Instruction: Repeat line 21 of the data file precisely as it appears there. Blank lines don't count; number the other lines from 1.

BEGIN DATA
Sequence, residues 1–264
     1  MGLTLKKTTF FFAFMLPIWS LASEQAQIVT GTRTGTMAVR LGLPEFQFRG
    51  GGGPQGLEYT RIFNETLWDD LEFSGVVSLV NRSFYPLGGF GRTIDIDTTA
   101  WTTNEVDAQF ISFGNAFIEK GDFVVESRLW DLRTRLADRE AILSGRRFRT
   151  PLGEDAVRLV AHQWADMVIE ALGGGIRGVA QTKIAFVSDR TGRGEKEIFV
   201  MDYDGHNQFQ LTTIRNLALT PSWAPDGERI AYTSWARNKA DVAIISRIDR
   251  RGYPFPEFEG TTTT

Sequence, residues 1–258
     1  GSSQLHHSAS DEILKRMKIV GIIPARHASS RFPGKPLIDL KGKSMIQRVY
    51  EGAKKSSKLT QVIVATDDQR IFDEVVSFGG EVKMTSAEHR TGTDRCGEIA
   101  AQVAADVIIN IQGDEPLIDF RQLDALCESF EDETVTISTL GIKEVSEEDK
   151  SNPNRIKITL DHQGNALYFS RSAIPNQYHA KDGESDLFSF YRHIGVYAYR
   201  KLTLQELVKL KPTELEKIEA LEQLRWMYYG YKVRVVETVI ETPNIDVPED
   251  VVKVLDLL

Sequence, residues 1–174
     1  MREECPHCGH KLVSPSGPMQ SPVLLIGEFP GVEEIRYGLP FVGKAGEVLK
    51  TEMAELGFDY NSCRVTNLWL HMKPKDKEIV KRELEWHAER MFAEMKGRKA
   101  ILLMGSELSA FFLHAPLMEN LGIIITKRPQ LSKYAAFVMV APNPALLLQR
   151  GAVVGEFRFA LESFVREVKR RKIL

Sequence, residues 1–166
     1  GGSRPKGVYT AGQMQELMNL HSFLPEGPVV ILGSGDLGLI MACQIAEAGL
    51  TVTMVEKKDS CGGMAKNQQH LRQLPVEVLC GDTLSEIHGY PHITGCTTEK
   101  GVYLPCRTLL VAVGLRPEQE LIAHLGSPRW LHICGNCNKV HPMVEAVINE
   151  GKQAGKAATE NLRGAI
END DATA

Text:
     1  GGSRPKGVYT AGQMQELMNL HSFLPEGPVV ILGSGDLGLI MACQIAEAGL